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My trip through North Portugal and Spanisch Galicia

galicia

In Aug/Sept 2004 my sister and I went on a bus trip through North Portugal and Galicia.
We flew from Amsterdam to Oporto, the second largest city of Portugal. We spent the night in the seaside resort of Espinho. The next day took us to Braga, the 12th century ecclesiastical centre of Portugal, famous for its Holy week celebrations.

stairs at Bom Jesus Our next visit was to the 18th century pilgrimage church of Bom Jesus do Monte, in the mountains 4 km east of Braga. A grand staircase leads to the Baroque church. The staircase is lined with Chapels featuring the 14 Stations of the Cross.

After a walk through Barcelos, west of Braga towards the coast, a city where there is no escape from the famous The Galo de Barcelos "the rooster of Barcelos", we drove along the Costa Verde (green coast) to the Galician border (Spain) and our next hotel was in Vigo there we stayed for two nights.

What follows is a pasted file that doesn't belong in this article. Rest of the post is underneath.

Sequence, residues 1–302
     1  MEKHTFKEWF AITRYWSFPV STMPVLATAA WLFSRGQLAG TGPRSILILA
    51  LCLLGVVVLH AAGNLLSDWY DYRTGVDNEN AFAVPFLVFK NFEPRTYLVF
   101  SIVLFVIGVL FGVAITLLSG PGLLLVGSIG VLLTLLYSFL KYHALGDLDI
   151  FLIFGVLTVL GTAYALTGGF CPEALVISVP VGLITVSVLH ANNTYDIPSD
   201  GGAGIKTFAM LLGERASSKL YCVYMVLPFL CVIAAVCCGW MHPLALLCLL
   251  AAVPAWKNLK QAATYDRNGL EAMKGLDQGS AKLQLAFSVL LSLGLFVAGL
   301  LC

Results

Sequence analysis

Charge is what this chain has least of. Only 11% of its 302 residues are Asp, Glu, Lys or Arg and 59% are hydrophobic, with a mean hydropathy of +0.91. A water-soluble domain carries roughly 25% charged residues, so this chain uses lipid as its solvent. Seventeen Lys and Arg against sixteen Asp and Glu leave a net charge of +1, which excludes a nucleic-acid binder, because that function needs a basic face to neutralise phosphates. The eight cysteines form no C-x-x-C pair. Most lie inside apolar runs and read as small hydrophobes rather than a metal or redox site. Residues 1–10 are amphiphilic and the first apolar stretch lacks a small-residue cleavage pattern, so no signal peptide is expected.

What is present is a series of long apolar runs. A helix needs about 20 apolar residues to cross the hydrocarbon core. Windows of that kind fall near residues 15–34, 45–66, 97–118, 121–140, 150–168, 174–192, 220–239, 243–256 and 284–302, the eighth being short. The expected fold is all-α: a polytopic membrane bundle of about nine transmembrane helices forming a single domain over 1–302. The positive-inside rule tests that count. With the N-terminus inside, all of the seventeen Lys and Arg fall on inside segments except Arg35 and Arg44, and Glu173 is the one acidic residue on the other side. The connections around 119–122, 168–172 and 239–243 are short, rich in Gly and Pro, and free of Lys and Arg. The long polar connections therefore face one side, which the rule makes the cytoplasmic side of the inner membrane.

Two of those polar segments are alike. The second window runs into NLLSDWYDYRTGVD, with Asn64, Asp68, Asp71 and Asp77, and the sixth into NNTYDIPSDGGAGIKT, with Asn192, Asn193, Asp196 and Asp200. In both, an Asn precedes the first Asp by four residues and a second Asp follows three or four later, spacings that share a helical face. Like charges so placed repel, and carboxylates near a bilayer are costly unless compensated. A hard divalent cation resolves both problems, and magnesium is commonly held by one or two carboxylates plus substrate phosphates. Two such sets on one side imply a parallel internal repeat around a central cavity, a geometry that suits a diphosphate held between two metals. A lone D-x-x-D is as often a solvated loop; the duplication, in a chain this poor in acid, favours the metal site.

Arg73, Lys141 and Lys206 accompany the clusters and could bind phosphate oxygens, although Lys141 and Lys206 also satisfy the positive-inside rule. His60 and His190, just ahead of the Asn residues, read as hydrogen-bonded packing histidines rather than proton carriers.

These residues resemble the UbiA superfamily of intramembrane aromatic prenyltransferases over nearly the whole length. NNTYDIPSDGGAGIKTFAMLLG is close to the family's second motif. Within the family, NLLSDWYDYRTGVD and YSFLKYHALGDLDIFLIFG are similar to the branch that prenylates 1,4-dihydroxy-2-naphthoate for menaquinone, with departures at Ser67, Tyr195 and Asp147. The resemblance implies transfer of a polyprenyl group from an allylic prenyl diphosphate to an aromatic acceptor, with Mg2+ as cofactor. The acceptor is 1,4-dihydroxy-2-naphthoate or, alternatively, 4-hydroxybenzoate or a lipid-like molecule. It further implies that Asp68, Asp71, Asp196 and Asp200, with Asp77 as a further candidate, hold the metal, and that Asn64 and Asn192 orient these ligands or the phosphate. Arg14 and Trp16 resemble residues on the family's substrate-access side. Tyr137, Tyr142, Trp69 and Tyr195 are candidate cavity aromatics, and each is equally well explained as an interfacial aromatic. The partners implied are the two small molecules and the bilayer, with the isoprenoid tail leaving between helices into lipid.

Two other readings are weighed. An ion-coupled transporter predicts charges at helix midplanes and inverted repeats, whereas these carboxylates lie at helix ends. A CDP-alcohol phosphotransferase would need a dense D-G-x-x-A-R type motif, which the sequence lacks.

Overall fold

Galicia was settled by the Celts before the 6th century B.C. The Celtic influence is very visible in many places.

Day three took us to Cambados, La Toja and the fishing village of O'Grove famous for its mussels of which we had a taste during a boat trip to the mussel farms. Back along the coast (Sangenjo) to Vigo. Day four found us in Noia and Muros. We visited the site of the longest Horreo (granary) in the small town of Carnota. Horreos are small granaries, built on stilts to protect the corn or grain stored in them, from rats and other rodents. You find them in most Galician and Portuguese gardens.